Solution to chewing gum's sticky problem

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The Independent Online
NON-STICK chewing gum could be on the streets - not literally you understand - within the next five years, a leading manufacturer said yesterday.

Wrigley, the American firm which dominates the market for the 13 million sticks of gum chewed in Britain every day, confirmed it is working on ways of re-engineering its product into a less sticky, bio-degradable alternative.

It is part of a new drive by confectioners, scientists and litter campaigners to cut down on the sticky business of discarded gum, which costs pounds 158m a year to clear off the nation's pavements.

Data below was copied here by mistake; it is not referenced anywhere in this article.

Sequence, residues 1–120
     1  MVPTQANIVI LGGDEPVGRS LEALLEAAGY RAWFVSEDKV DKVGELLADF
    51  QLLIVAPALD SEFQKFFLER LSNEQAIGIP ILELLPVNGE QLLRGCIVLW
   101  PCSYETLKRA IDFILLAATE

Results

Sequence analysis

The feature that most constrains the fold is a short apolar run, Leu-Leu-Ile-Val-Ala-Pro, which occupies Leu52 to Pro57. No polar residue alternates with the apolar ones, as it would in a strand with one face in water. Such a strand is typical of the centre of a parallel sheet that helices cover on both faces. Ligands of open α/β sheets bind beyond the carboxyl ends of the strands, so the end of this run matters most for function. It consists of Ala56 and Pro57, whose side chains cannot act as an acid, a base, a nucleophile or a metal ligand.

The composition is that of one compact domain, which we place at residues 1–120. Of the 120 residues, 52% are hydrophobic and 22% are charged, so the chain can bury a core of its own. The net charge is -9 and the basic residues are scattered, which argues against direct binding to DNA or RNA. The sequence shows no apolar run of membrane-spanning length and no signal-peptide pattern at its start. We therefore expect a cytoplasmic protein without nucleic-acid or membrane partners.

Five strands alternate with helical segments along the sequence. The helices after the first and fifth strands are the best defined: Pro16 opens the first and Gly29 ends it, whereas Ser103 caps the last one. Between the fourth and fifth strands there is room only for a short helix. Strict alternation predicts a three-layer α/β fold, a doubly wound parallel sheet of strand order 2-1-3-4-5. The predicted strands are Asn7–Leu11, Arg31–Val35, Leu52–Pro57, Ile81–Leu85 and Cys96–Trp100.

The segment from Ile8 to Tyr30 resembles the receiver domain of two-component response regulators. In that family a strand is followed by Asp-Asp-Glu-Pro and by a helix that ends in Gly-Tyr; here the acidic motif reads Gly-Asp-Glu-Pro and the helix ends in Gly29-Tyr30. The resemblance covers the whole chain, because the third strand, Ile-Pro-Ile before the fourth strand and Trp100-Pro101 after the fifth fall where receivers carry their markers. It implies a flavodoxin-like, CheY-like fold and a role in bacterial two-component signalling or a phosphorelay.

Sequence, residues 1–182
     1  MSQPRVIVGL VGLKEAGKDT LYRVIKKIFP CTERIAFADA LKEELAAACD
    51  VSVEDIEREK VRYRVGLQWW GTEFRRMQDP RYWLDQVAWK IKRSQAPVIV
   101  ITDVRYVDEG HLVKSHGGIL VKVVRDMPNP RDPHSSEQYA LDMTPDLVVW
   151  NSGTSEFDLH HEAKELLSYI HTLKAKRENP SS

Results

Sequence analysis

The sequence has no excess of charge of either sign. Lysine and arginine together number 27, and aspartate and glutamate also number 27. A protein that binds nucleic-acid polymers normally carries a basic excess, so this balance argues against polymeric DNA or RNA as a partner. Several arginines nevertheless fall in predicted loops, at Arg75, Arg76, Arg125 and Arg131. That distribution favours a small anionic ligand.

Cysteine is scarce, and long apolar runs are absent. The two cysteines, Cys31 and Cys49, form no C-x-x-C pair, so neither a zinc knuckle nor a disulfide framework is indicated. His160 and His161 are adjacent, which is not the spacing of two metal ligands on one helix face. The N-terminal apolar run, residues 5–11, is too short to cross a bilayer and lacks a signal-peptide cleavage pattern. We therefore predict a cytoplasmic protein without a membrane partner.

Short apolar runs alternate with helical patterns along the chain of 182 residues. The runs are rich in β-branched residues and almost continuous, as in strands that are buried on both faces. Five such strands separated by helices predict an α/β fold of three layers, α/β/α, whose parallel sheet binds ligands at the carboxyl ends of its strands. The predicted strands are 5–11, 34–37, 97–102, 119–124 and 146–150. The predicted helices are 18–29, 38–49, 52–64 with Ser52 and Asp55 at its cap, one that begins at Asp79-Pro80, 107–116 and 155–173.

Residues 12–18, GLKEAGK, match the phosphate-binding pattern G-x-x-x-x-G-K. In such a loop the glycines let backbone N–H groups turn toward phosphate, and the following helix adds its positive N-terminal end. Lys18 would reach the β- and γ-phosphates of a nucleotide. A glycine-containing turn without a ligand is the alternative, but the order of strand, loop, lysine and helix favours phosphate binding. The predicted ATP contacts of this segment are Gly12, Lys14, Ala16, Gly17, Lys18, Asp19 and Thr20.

In a separate project, Manchester-based scientists are in the early stages of researching street cleaners which use microwaves or lasers in the battle against spent gum.

Philip Hamilton, Wrigley's managing director, told PA News: "We have an in-house team who are looking at ingredients which will make gum less adhesive. We are also exploring gum which will break down over a period of time... but we don't expect to have a finished product for five to 10 years."

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